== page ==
Jonah: A Veggietales Movie

on October 04, 2002 by Bridget Byrne
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This is a message movie. It's a listen-to-me-because-what-I-tell-you-is-good-for-you-tale, like something a mom might relate to get her kids to eat their greens. But here, of course, the greens are not for eating. They are the stars. Asparagus spears, a ripe plump tomato, a whole pod of peas, a bunch of assorted legumes--backed up by several schools of fish, a snooty camel, a pesky caterpillar and that Jonah-gulping whale--these are the characters created by imagination and computer generated artistry to tell, as quirkily as possible, this Biblical parable about the power of, and need for, "compassion" and "mercy" in a troubled world

After the series' long-standing success in the direct-to-video format, this latest VeggieTale is the first to hit the bigscreen. It sticks to its roots. It's unabashedly faith-based as well as confidently and cheerfully silly. Devised brightly, boldly and simply, it tells a tale within a tale. Kids being driven to a pop concert have the wheels of their bus shafted by porcupines. They take refuge in a fish restaurant occupied by very lazy pirates who "don't do anything." But the pirates--one of whom appears to be the popular VeggieTale star Larry the Cucumber in disguise--did do something fairly important once, as they reveal in a shaggy dog story about how they sailed the Mediterranean with Jonah the prophet, when he was ducking God's order to go preach his message to the dastardly fish-slapping sinners of Nineveh. Their whale of a tale continues with the adventures of Jonah being consumed by the giant sea mammal, regurgitated and then doing his duty to tell the evildoers to mend their ways for the good of all mankind (or, in this case, all vegetablekind).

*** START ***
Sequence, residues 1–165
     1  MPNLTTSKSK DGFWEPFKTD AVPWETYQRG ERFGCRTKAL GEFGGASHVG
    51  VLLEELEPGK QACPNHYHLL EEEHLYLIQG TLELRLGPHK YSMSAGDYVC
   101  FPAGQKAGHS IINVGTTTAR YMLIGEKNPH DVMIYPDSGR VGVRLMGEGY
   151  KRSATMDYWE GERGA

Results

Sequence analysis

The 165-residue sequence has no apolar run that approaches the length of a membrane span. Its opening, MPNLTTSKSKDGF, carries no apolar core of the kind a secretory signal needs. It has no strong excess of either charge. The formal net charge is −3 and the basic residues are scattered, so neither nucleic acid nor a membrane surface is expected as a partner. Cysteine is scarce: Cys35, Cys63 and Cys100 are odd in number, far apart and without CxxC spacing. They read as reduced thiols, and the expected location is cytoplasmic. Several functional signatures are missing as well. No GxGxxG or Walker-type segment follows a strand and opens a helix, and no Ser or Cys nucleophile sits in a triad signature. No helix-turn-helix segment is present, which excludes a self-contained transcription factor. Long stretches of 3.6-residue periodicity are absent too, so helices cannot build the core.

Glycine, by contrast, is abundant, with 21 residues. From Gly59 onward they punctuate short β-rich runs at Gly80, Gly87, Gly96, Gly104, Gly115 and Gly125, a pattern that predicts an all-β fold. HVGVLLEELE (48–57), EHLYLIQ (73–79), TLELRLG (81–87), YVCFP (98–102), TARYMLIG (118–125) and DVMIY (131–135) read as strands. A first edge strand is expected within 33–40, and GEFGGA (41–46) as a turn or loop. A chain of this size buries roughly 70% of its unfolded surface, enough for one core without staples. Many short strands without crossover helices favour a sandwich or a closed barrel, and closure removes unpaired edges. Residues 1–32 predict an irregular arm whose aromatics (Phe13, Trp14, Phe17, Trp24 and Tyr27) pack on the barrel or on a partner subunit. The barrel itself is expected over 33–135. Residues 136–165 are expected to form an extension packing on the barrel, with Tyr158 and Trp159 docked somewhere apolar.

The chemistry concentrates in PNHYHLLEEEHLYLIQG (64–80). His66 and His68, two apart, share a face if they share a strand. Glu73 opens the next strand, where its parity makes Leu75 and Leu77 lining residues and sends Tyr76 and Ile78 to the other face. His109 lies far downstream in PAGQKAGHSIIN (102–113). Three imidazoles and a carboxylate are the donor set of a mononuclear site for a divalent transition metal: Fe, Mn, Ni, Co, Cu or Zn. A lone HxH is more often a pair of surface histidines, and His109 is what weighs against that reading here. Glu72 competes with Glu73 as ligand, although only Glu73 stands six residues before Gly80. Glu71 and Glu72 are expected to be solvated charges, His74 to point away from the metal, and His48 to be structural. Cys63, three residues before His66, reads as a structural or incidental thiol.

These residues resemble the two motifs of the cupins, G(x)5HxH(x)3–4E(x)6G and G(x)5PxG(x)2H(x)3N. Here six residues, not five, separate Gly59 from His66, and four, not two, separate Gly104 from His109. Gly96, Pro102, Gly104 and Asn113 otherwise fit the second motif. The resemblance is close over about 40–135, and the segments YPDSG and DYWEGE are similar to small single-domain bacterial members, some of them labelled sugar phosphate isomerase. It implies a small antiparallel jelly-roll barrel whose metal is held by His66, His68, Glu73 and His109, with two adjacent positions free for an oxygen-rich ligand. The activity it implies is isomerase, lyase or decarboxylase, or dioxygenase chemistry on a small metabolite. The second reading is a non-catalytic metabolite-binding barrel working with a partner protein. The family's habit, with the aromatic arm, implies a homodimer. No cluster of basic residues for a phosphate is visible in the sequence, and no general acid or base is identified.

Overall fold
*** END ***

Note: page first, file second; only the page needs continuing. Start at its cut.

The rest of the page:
Various songs, underscored with humor--both sophisticated and downright daft--accompany the storytelling. The characters' voices, most of which are supplied by the filmmakers, Phil Vischer and Mike Nawrocki, recognize no ethnic boundaries--the camel, for instance, sounds like a British staff officer, and several of the peas speak in French mange-tout accents.

It's a format that probably works best for an audience that is faith-based or very young, but for others it's simply a pleasant opportunity for an occasional giggle at the folly of mankind and the underrated value of veggies. Voiced, directed and written by Phil Vischer and Mike Nawrocki. Produced by Ameake Owens. An Artisan release. Animated. Rated G. Running time: 83 min

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